My alarming conclusion from How Children Succeed, by Paul Tough, was that the set of qualities that our education system emphasizes – measures, teaches, and drills – aren’t traits that lead to success.
Why are grades so important to us? What, exactly, do grades and GPAs measure, and how did they come to be known as future predictors of success?
Self-discipline is more important to grades and GPAs than IQ.
It might seem obvious that self-discipline is more important to grades and GPAs than IQ. Everyone knows stories about geniuses that were terrible students. But never-the-less, grades have still become to be known as a measure of intelligence and a predictor of success later in life. If grades don’t measure intelligence, what do they measure?
Grades are a combination of organization, self-discipline, and motivation. All admirable qualities, to be sure. Self-discipline is also often called “conscientiousness” and is commonly recognized as a characteristic that leads to success in life. When Tough talks about teaching students character, this is what he’s referring to. I’ve come across this concept multiple places, and usually they point to the research of Angela Duckworth, who is studying the effects of different aspects of character on success.
It’s a complex task to try to tease the effects of motivation apart from that of intelligence. It’s even harder to figure out how to teach motivation. Because Tough’s main focus in How Children Succeed is spent trying to figure out the difference between students from low income families, that generally don’t go to college, and students from wealthier families, who usually do, Tough spends a full quarter of the book trying to show how how you might be able to teach motivation through chess. He talks about the importance of 10,000 hours of practice (an idea made well-known by Malcolm Gladwell’s book, Outliers.)
But while the stories in How Children Succeed about chess were interesting, and I was able to pick out 4 characteristics for success that chess might be able to teach, Tough didn’t convince me that teaching kids chess teaches them motivation. Certainly I don’t think that if you just teach your child chess then all your problems will be solved! Plus, motivation for good grades isn’t a particular challenge that my own kids are facing. What was more interesting to me was the connection that has come to be drawn between conscientiousness, grades, and later success in life.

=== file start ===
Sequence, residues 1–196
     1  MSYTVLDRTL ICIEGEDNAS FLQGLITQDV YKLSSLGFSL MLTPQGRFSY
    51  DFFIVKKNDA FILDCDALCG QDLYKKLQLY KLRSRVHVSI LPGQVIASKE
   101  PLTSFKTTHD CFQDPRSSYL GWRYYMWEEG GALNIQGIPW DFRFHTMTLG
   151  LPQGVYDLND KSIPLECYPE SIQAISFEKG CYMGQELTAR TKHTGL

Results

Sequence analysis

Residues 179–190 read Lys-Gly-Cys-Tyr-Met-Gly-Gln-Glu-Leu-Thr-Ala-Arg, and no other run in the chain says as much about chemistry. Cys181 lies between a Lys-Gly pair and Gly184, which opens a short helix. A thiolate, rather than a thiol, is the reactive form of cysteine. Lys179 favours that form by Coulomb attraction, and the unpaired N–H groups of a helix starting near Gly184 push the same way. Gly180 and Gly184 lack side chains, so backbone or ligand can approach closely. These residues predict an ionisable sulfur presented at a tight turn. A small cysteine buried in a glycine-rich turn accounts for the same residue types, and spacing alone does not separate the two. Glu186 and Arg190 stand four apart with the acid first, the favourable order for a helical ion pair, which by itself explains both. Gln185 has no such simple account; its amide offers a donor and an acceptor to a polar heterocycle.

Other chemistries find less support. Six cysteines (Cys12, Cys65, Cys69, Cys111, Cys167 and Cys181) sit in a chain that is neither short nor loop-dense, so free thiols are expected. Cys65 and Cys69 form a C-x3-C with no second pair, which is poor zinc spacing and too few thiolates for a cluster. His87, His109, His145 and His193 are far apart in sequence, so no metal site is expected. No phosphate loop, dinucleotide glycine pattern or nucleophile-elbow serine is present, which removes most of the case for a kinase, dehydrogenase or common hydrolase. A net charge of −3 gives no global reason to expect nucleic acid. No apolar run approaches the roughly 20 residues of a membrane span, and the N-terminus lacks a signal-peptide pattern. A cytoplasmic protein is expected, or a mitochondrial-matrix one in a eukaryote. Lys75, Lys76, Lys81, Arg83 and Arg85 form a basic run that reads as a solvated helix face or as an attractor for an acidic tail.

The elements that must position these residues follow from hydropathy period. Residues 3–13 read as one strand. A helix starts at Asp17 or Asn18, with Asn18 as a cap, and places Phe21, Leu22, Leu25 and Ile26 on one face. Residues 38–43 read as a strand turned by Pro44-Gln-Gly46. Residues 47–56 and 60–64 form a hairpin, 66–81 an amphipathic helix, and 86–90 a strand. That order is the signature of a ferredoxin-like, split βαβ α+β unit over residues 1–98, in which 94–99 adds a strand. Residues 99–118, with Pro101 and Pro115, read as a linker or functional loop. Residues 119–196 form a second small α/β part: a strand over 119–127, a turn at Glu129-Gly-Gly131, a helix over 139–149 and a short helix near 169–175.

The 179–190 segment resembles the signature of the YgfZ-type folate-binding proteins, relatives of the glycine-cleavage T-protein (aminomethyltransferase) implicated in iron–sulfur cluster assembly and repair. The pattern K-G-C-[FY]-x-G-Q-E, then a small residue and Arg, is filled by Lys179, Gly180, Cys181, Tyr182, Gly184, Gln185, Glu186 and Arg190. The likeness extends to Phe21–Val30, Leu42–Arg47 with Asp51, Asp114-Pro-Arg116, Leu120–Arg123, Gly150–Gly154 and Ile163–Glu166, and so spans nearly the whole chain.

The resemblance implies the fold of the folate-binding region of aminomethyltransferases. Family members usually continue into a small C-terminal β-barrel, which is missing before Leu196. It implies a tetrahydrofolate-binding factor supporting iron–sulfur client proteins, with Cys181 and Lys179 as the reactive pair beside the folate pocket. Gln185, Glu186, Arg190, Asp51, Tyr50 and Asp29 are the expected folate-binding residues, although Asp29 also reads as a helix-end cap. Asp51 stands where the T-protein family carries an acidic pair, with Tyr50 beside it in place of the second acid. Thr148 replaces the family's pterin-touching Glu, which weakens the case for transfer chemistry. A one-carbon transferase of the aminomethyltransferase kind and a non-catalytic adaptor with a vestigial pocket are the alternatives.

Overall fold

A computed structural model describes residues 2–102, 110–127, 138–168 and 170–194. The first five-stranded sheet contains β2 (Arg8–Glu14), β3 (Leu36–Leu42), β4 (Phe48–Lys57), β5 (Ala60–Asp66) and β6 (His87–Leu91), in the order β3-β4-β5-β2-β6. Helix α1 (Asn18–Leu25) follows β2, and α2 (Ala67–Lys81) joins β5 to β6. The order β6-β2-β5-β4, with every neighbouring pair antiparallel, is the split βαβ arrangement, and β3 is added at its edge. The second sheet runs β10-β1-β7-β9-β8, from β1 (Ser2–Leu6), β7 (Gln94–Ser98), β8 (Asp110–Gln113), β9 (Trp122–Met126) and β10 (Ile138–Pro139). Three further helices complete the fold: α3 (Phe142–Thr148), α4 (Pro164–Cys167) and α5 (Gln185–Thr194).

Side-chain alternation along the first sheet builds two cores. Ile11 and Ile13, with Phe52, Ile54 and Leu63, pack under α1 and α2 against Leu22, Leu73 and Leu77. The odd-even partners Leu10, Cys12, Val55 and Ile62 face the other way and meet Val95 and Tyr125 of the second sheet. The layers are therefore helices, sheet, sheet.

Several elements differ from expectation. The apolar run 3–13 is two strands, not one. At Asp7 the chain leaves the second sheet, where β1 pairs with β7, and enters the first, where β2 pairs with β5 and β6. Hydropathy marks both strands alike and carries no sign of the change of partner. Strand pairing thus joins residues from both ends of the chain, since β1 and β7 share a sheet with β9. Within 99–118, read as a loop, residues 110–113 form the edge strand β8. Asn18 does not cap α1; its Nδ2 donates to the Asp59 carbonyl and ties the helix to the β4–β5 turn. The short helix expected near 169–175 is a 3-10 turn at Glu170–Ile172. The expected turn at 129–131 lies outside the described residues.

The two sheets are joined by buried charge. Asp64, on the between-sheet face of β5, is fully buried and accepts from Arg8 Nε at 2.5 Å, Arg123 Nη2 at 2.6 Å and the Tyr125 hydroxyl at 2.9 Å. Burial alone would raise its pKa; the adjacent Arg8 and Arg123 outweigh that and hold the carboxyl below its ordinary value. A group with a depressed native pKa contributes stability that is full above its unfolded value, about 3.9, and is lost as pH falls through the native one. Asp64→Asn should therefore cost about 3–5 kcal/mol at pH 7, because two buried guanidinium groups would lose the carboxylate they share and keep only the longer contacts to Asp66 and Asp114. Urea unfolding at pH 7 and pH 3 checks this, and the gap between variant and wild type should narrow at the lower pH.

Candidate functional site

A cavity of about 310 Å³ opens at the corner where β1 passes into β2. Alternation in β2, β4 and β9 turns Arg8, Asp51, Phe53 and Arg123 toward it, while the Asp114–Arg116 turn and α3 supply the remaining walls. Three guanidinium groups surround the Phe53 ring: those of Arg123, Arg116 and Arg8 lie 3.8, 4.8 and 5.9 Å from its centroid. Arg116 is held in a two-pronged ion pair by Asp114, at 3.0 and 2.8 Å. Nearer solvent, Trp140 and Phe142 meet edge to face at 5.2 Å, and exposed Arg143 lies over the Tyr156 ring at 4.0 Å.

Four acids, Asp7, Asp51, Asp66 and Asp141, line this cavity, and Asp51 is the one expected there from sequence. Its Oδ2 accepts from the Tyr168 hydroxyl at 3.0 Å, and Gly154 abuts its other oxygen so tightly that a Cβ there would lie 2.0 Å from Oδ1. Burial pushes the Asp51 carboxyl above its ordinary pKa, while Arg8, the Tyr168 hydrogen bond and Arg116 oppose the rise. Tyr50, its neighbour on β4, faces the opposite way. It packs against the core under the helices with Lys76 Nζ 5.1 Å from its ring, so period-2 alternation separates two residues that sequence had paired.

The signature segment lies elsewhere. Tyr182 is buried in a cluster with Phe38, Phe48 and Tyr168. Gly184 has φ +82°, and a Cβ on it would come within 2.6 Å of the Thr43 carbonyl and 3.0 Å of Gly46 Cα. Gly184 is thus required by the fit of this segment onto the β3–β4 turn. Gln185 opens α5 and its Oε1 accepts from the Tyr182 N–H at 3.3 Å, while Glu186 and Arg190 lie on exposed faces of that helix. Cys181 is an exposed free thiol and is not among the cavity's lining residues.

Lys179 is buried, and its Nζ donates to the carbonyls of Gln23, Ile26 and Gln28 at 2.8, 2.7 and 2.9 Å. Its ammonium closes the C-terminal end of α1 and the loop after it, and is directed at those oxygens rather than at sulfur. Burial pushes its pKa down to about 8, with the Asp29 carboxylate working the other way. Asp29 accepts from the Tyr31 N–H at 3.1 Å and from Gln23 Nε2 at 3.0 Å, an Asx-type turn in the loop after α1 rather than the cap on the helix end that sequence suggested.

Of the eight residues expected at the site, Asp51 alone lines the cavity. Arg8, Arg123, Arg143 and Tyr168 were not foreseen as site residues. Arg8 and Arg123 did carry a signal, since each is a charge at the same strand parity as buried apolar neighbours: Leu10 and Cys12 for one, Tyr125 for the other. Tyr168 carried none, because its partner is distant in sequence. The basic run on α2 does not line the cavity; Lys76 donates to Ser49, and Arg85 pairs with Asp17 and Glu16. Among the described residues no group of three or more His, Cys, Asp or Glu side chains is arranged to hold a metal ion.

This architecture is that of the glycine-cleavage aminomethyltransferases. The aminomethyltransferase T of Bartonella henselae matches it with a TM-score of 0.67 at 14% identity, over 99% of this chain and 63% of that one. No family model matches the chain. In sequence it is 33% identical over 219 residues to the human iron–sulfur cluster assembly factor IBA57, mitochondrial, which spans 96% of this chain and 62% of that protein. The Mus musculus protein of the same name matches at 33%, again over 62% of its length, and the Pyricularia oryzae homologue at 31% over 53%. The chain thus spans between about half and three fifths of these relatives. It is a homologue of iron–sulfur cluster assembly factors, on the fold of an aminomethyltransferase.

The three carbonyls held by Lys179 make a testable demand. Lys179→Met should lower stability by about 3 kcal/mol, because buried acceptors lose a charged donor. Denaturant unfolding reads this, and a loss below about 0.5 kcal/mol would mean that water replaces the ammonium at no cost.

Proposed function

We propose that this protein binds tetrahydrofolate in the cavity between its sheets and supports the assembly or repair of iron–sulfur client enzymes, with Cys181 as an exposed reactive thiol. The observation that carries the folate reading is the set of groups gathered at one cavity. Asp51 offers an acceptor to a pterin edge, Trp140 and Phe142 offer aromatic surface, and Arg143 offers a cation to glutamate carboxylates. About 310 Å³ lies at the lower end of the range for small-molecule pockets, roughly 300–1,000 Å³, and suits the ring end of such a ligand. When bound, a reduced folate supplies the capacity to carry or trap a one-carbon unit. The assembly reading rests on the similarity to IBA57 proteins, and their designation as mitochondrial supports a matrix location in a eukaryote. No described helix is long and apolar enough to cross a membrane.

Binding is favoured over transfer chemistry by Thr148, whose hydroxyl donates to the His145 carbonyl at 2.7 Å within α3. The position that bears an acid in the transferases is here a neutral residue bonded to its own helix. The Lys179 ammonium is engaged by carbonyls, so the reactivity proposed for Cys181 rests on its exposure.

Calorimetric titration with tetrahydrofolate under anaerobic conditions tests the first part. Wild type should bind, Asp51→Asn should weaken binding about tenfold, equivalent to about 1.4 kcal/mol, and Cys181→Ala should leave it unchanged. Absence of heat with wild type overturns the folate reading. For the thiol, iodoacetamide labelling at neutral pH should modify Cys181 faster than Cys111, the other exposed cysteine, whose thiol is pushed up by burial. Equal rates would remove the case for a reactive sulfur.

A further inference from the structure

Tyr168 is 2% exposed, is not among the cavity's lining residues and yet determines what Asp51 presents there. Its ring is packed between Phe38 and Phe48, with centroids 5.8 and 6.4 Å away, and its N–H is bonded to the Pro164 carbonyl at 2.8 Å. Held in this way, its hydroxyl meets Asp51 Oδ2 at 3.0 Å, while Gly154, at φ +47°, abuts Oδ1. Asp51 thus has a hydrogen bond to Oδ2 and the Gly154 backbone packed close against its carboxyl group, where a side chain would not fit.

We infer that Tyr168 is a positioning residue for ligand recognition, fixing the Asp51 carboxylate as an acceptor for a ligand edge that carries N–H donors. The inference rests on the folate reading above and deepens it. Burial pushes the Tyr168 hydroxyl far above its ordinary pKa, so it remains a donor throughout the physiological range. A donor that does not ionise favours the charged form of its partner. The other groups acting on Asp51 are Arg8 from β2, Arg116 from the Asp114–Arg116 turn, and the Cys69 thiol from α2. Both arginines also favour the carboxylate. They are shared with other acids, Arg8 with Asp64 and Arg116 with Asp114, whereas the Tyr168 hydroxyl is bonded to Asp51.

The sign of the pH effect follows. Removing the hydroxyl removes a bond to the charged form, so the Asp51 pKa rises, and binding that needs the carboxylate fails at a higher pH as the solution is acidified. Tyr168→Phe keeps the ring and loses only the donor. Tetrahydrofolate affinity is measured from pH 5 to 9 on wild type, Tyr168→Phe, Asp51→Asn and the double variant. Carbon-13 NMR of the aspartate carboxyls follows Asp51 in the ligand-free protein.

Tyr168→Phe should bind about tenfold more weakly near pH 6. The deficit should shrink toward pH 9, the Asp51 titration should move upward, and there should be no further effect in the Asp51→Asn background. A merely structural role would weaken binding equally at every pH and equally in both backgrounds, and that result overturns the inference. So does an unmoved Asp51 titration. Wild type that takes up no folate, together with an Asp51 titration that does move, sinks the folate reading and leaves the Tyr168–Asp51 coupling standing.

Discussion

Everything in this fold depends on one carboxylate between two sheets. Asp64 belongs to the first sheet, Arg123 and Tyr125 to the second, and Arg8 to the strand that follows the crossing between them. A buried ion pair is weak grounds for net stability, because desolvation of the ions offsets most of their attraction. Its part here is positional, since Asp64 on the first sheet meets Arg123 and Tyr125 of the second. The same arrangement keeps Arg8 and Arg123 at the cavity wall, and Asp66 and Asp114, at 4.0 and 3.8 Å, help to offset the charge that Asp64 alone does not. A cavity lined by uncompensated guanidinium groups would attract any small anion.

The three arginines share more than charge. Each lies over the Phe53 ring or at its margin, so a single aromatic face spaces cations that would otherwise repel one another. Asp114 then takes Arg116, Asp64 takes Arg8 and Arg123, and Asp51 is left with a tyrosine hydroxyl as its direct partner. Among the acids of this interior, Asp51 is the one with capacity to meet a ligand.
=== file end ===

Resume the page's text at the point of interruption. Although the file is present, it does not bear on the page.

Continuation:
The fact that conscientiousness has been tied to both grades and later success in life helps to explain why high grades have become so important. In 2011, a thirty year study by several psychologists, including Brent Roberts and led by Avshalom Caspi and Terri Moffitt, found that the lower the measures of self-control when someone was a child, the more likely they were to smoke, have addictions, have health problems, a bad credit rating, be raising kids in a single parent home, and criminal histories as an adult.
But interestingly enough, some of the research of Angela Duckworth has led her to the conclusion that self-discipline isn’t enough for success. In my next post, I’ll cover some of the information in How Children Succeed that suggests that the ability of students to complete lots of homework and get good grades, in other words, self-discipline, isn’t a good predictor of future success.
Obviously, there is a continuum along which students fall as far as grades and keeping up with their schoolwork. My concern is that at the top of the scale, many kids (and their parents) are over-doing it in the belief that it is an absolute path to future success. What do you think?
For an alternate view read: Yes, IQ Really Matters
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